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[1] Early Greek Model: (500 B.C., Pythagoreans) The
seven objects (sun, 5 planets, and the moon) are attached
to seven concentric transparent spheres (at a uniform
rate).
The early Greek Model predicted a uniform motion of the
planets. What observation contradicted this prediction?

                           Retrograde Motion
A new theory was required to account for retrograde motion:


[2] Aristachus’ Theory: (~ 300 B.C.) Planets follow circular
orbits around the sun. This theory was shot down because
(a) Aristarchus did not have scientific “status” and (b)
people had a hard time believing that the earth could move
at all since it is so large.
It was noticed that during the retrograde motion of a planet,
the planet seemed BRIGHTER. What would cause that?


The planet would be brighter if it were CLOSER TO EARTH
during its retrograde motion!


A new theory was required ….
[3] Simple Epicycle Theory: (~ 100 B.C.)
The simple epicycle theory [3] could not account for the finer
details of planetary motion. It had to be modified, and this was
done by Ptolemy…
[4] Ptolemy’s Epicycle Theory: (~ 100 A.D.) In order to describe
these finer details, more than 80 epicycles were required. Also,
Earth had to be slightly off center..



     This theory
     lasted 1500
     years!!!
In the year A.D. 1543, on his deathbed, Copernicus Signed his book,
           On the Revolutions of Heavenly Spheres
The year A.D. 1543 is often taken as the “birth of modern science”.



Copernicus agreed with the Pythagoreans: a theory of the physical
world should be elegant—not complicated like Ptolemy’s epicycle
theory.


The Copernicus’ theory was not new (first was Aristarchus), but
he was able to describe retrograde motion …
[5] Copernican Heliocentric theory: sun centered, everything
tracked on circular orbits.
The heliocentric theory correctly described
retrograde motion!
We now have TWO theories that were capable of describing all of
the currently observable phenomena:

Ptolemy’s Epicycle Theory      Copernicus’ Heliocentric Theory
[4]                            [5]




                 Which one is correct???
 A better question might be: Which theory is WRONG?

We need an experiment (in the form of an observation) that
would show contrast between the theories.


         The test was the observation of the
         phases of the planet Venus.


 To give you an understanding of the meaning of
 phase, let’s look at the phases of the moon...
If Venus followed the epicycle path as formulated by Ptolemy, we
would never see the “full Venus” but we would see a “new
Venus” twice:
Remember the location of the various planets vis-à-vis Earth in
Ptolemy’s and Pre-Ptolemy’s theories




                                                Venus




                                              Sun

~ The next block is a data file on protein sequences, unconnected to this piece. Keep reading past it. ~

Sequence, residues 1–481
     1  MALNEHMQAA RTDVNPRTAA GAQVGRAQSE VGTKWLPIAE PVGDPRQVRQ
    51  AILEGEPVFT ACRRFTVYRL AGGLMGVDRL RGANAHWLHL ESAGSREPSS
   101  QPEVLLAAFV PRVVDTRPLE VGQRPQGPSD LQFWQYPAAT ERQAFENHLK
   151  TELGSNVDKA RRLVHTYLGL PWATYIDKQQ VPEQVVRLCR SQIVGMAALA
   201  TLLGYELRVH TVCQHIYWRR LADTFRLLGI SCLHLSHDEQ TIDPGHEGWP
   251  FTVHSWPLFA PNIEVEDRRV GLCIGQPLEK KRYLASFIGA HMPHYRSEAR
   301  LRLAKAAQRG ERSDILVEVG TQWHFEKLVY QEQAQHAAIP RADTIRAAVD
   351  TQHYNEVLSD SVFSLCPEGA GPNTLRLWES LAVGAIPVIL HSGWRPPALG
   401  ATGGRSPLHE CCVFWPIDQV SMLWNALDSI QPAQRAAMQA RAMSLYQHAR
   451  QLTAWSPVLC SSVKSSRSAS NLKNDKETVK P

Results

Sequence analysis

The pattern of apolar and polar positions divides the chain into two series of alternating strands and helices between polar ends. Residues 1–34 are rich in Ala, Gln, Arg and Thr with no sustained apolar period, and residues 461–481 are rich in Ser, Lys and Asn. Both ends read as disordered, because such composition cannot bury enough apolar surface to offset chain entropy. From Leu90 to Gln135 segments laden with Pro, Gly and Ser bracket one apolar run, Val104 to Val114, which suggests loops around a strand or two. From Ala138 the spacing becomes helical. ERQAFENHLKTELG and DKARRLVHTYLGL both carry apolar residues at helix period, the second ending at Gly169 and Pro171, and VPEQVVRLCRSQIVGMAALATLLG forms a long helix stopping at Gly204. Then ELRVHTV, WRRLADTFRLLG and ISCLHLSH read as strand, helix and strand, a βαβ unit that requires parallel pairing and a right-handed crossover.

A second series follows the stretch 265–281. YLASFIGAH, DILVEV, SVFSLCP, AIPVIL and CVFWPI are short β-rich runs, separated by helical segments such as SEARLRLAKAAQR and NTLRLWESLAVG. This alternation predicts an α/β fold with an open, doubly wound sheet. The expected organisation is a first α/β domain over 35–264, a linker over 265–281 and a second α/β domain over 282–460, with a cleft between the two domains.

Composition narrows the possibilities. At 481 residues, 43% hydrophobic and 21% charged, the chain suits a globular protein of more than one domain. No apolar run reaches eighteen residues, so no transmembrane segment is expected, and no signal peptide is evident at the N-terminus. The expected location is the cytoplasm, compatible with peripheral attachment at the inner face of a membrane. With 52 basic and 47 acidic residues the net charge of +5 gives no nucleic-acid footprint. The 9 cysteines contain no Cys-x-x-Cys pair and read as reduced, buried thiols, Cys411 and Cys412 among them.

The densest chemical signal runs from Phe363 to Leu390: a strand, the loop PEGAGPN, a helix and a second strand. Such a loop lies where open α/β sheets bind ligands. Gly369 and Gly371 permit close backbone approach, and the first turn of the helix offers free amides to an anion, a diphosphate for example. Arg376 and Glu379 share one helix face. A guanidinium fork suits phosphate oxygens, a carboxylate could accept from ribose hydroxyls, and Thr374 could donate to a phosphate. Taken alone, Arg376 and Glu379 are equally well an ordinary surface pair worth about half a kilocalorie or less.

But if Venus went around the Sun instead of the Earth, we would
see a “full Venus” during its epicycle:
Remember the location of the various planets vis-à-vis the Sun
in Copernicus’ theory




                                     Venus




                                             Earth
Why didn’t they just check this immediately to check
which theory was correct??


Ans: They couldn’t see the phases of Venus with the
bare eye -- they needed experimentalists: they needed a
TELESCOPE!


Galileo Observed a “Full Venus” in the 1600’s, thereby
eliminating the geocentric epicycle theory.
Copernicus himself admitted that his theory did not agree with all
of the known data/measurements.

    DEFINITIONS:
    Qualitative: general behavior not directly compared to
    actual measurements (numbers).
    Quantitative: quantitative measurements compare
    numbers calculated from a theory to numbers measured
    through experiment.

So the Copernican theory could describe qualitative features
such as retrograde motion and the phases of Venus, but did NOT
compare well with quantitative measurements of orbits.
Quantitative measurements: Tycho Brahe


He developed very accurate instruments to measure the angular
positions of the stars and planets. Not with a telescope but
sighting along sticks (see figures 1.18 – 1.20 on p. 21).



He cataloged the positions of the planets for over 20 years!
Johannes Kepler joined Brahe in 1600, about a year before
Brahe’s death.


Kepler could not be an observational astronomer due to bad
eyesight, but he was a good mathematician. He analyzed Brahe’s
data in detail.

At the time (still before the observations of Venus by Galileo),
Kepler was stuck on the Epicycle and Copernican theories. He
favored the Copernican theory, but could not make the theory
match the observations!
After much work, Kepler came up with a new theory:


Circle: the set of all points equidistant from a center point.
Ellipse:
Kepler’s Theory [7]: Kepler’s Laws


Kepler’s 1st Law: Each planet move in an elliptical orbit
around the sun with the sun occupying one foci of the ellipse
(the other one is empty).

Kepler’s 2nd Law: The imaginary line connecting the planet
to the sun sweeps out equal areas in equal times

Keplers 3rd Law: The square of any planet’s period of
revolution is proportional to the cube of its mean distance
from the sun.
Kepler’s 1st Law: Each planet move in an elliptical orbit
around the sun with the sun occupying one foci of the ellipse
(the other one is empty).
Kepler’s 2nd Law: The imaginary line connecting the planet
to the sun sweeps out equal areas in equal times
Keplers 3rd Law: The square of any planet’s period of
revolution is proportional to the cube of its mean distance
from the sun.


        P2(in Earth years) = a3(in astronomical units)

       An astronomical unit the average distance
       between Earth and the Sun: 149,600,00 km.

								
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